I MAY BE
the most stereotypical teacher ever. My parents were teachers. Their parents were teachers. I met my wife at work, where we both were teachers.
I was born in Canada. My parents were born in Canada as well. I am superintendent in the school district my grandfather taught in during the 1930s and ’40s.
My back story is that despite some early learning challenges, I was a good student and performed well in school. After zooming through university studies as a geography and history major, I was back at my former junior high school as a teacher at age 22.
Now 26 years later and 12 years into my superintendency, education is the only career I have known.
I think I was (and still am) a pretty good teacher. But I also know we need to continue to do better to attract teachers to the profession who have a different story than I do. For too long, too many teachers’ stories were similar to mine. The teaching profession was largely made up of people who were successful at school, typically spoke English as their first language, were from long-established families in our country and often went straight into teaching as a career without other real work experiences.
We are trying to do better in our school district. Just as we have diversity among our learners, we need diversity in the adults who work with them. Having teachers who come to teaching after careers in construction or accounting or professional sports gives new perspectives to students and reminds them that for most, their work life will be made up of many different jobs.
Having teachers who struggled in school gives added voice to those in our classes who are struggling now. School does not come easy for everyone, and adolescence is hard, so having teachers with non-linear life experiences helps.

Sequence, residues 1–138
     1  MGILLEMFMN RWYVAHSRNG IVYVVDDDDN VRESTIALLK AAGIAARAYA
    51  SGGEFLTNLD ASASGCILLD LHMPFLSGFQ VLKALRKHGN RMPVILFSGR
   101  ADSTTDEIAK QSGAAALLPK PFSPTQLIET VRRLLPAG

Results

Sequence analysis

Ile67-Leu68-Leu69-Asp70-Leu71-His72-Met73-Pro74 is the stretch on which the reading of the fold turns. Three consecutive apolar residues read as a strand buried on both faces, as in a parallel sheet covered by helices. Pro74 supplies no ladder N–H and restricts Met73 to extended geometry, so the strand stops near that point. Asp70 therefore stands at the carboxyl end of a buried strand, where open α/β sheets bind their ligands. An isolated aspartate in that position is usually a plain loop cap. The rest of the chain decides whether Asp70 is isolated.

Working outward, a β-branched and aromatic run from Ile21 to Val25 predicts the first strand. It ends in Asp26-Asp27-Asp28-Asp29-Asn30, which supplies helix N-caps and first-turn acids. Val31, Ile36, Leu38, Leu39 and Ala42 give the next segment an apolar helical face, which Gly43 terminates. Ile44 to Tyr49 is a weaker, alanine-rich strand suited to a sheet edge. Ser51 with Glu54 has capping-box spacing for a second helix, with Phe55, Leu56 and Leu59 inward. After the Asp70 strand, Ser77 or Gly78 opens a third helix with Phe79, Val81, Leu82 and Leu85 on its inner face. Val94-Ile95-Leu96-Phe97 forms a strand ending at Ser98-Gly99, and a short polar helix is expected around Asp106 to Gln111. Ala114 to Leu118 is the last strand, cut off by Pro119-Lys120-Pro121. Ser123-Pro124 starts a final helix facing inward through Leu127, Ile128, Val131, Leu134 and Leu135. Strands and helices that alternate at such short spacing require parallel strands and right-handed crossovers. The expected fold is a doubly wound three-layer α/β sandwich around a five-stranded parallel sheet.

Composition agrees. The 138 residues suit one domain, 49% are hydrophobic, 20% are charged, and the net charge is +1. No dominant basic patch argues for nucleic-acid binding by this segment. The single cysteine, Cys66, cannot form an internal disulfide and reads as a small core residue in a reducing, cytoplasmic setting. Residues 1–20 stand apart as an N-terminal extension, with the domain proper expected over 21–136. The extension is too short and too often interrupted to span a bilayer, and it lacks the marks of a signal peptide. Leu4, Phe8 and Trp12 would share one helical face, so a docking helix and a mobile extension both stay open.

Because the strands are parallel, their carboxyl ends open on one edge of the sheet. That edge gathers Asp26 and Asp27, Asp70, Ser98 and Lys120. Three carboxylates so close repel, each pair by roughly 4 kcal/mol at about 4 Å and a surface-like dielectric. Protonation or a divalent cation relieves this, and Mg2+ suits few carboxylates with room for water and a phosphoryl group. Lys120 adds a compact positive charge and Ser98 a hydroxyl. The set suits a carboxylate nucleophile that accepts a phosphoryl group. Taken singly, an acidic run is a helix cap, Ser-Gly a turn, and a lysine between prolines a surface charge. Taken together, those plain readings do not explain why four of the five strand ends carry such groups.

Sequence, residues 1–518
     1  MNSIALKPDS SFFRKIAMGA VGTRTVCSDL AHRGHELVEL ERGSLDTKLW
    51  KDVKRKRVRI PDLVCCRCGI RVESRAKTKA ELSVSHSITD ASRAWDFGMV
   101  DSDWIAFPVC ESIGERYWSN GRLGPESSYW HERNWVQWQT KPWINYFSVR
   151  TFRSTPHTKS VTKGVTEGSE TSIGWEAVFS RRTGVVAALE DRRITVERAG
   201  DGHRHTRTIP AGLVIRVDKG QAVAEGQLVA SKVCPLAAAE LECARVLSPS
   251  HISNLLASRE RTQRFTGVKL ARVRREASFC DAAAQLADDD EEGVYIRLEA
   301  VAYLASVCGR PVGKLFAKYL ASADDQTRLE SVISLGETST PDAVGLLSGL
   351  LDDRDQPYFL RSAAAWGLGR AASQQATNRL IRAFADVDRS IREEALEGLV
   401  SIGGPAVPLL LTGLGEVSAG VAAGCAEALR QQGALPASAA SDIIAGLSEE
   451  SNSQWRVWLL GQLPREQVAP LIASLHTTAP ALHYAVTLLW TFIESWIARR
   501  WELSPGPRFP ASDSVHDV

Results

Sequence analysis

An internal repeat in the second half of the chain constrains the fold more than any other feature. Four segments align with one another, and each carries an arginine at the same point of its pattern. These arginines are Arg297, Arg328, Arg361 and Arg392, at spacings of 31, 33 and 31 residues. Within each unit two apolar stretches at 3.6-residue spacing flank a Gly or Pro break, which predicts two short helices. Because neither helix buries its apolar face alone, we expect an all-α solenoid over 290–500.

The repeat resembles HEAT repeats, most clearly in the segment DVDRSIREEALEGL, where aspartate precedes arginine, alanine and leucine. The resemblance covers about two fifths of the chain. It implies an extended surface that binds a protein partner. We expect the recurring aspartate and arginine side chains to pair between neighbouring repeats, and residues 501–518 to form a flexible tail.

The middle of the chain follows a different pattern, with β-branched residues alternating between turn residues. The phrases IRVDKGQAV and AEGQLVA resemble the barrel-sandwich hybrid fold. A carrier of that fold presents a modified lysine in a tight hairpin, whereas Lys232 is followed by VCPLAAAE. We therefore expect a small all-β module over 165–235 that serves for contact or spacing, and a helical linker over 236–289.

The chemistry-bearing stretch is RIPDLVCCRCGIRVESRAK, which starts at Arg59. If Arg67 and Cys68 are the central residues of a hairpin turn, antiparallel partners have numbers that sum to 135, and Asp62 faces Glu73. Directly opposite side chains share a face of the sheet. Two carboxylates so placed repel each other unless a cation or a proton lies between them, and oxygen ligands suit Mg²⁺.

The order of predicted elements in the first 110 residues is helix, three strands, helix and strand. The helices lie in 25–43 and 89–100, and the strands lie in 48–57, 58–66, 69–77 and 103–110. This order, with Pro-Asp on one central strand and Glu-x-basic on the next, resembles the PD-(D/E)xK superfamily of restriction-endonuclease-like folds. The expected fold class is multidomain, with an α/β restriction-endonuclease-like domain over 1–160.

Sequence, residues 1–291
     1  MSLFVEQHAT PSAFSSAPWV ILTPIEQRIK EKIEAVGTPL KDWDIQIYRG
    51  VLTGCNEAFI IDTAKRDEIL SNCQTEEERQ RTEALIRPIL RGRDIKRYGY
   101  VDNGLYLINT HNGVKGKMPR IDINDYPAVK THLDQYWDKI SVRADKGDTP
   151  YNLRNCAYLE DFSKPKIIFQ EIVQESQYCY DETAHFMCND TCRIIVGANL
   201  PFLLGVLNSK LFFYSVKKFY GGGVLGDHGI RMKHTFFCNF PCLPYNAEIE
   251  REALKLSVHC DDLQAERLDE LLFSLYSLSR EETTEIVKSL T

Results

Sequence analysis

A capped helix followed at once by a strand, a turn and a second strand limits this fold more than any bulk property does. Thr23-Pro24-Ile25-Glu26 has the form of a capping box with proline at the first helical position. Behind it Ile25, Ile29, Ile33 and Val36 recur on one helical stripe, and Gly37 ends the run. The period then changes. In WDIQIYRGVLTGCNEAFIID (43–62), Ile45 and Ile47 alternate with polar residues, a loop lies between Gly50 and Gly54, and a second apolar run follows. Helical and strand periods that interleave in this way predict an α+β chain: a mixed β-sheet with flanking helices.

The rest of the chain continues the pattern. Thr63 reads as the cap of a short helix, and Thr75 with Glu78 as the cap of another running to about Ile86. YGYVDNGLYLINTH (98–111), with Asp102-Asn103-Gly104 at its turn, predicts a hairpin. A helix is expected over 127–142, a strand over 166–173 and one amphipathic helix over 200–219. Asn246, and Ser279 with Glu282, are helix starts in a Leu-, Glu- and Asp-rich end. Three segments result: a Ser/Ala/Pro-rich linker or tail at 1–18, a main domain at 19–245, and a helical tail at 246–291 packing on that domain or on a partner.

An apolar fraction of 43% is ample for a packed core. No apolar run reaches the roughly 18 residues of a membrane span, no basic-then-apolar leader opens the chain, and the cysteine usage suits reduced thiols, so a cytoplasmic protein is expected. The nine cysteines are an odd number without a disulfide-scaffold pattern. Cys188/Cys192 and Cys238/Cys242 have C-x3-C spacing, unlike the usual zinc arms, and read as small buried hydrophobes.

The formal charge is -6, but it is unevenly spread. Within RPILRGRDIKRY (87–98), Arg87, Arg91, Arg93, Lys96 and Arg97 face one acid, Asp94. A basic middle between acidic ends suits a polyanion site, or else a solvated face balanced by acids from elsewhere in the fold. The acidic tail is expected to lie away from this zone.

We also want our teaching force, just like our student population, to be culturally diverse, speaking different languages at home and demonstrating that our schools are reflective of our communities. We need to do better to recruit populations that have been traditionally underrepresented in the teaching profession.
With 75 percent or more of our teachers being female, we need to find ways to ensure men see the profession as valuable.
An Odd Notion
I know this is not really controversial, but it is hard. Changing the makeup of the adults who work in our schools is not only about who we hire, but also about who chooses to apply and who is encouraged to go into teaching. And it goes all the way back to what we show young students about the profession, that representation matters.
As we have recently started another school year and look ahead, this is a topic I think a lot about. It is a weird notion, but we need to do better to hire and retain staff who are not much like me.
is superintendent of the West Vancouver School District in West Vancouver, British Columbia. Twitter: @chrkennedy
. This column is adapted from the author’s blog Culture of Yes.